The 511 Building houses multiple businesses, including dress shop Theodore, which received some water damage. Knudson and her husband live on the top floor of the building, where one bedroom will need a new floor after flood damage. In the basement, drywall will need to be ripped out, many of her family treasures are damaged or destroyed, a garage door was broken down by ice buildup and silt covers the floor. Knudson said there was 4 feet of ice and water in her basement on Thursday afternoon. The entryway to the basement has a downward pitch; water and sediment flowing in from both sides of the alley managed to seep through the cracks in the garage door into the basement until ice broke the door’s seal. The garage door replacement alone will cost tens of thousands of dollars, according to Knudson’s husband, Tom.
    ‘The water came from Silver Creek [Outfitters], it came from the public drain and it came from Fifth Street,” Knudson said. “It was three directions coming down into our basement and created this incredible hail dam.”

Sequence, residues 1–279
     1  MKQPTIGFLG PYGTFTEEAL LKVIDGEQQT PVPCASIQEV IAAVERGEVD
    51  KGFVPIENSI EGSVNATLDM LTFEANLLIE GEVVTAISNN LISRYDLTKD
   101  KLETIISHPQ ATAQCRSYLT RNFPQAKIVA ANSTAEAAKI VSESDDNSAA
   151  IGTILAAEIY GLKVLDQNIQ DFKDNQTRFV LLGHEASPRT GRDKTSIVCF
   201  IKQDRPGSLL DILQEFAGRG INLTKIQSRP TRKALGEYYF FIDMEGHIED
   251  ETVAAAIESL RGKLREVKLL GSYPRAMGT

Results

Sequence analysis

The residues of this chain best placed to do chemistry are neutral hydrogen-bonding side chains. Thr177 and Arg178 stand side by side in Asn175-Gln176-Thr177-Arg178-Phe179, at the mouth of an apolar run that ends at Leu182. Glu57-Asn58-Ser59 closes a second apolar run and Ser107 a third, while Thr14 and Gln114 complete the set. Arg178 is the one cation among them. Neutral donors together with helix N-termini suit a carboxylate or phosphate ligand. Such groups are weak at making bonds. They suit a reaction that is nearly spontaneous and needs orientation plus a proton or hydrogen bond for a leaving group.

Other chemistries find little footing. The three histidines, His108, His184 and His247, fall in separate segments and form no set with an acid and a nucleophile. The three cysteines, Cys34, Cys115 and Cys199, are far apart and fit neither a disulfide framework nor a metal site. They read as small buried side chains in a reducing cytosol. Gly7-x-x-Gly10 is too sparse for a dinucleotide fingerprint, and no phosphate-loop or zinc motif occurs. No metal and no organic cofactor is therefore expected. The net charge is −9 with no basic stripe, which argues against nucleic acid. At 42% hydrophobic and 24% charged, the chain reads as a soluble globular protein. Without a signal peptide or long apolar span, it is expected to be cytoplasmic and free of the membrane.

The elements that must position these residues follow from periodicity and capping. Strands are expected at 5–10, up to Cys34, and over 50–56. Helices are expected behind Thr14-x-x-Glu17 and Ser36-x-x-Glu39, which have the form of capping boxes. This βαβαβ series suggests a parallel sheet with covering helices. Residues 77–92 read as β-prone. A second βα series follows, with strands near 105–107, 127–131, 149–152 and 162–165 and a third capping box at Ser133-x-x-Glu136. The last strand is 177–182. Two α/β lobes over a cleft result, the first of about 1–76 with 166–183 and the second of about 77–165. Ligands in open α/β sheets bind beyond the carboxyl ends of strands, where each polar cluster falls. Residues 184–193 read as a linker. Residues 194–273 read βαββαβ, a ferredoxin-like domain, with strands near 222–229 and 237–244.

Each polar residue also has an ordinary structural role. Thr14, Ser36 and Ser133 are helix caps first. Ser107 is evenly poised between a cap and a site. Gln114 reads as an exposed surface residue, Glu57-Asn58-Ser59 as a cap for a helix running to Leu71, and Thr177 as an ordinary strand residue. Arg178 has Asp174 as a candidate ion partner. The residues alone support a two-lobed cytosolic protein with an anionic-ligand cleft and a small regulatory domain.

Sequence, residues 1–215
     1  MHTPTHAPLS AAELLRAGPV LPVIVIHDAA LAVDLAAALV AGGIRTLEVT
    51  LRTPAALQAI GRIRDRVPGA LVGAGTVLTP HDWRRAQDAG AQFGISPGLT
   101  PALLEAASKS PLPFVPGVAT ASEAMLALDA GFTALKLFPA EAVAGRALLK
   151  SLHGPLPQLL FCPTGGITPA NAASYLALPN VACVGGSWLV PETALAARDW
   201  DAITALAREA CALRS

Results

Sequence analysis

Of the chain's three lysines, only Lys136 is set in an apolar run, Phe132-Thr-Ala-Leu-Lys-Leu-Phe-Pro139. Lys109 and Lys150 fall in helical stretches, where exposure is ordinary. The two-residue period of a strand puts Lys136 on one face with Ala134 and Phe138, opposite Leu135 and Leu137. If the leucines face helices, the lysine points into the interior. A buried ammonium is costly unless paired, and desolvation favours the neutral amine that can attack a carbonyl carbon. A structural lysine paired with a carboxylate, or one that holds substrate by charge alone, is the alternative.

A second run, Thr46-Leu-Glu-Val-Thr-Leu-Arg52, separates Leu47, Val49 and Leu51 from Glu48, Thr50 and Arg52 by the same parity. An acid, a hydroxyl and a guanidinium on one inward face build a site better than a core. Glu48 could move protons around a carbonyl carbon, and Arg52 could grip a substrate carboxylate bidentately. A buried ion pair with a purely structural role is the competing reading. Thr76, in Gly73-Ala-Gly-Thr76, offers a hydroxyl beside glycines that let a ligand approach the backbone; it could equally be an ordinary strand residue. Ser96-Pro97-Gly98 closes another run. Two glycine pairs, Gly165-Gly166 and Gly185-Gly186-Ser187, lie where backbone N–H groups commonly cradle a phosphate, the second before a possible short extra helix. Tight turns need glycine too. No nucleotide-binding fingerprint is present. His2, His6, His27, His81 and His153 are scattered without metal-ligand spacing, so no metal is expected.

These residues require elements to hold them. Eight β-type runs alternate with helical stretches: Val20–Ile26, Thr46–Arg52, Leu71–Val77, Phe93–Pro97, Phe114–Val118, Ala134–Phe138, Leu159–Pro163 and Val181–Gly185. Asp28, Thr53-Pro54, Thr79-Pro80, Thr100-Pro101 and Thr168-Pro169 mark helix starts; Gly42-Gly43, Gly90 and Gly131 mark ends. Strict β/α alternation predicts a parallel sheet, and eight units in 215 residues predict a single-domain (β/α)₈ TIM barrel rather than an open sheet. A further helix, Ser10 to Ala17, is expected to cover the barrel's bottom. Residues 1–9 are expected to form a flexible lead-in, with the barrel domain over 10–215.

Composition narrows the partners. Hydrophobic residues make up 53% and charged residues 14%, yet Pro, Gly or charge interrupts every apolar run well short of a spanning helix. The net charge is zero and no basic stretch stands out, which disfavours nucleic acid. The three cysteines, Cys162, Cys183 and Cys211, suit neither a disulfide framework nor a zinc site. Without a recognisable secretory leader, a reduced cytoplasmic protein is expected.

Chief Elle said the Fire Department dispatched vehicles to Silver Creek Outfitters and the 511 Building to help mitigate flooding. Silver Creek owner Terry Ring said he was prepared after experiencing the Aug. 8 flooding and hailstorm, though this was a “much worse” event. He said store employees squeegeed the basement floor and quickly put out sandbags to divert the water. Silver Creek had no damaged inventory, he said, despite 2 feet of hail on its front deck.
    Downhill from Main Street, Perry’s Restaurant and the Ketchum Post Office experienced flooding as well. Restaurant owner Keith Perry said employees quickly mitigated the flooding and called a local maintenance company to dry the carpets. Postmaster John McDonald said the post office had some flooding through a back door on the northwest side, and about 10 inches of water had to be dispelled. McDonald said he saw entire intersections underwater Thursday.
    “I’ve never seen anything like this in Ketchum,” he said.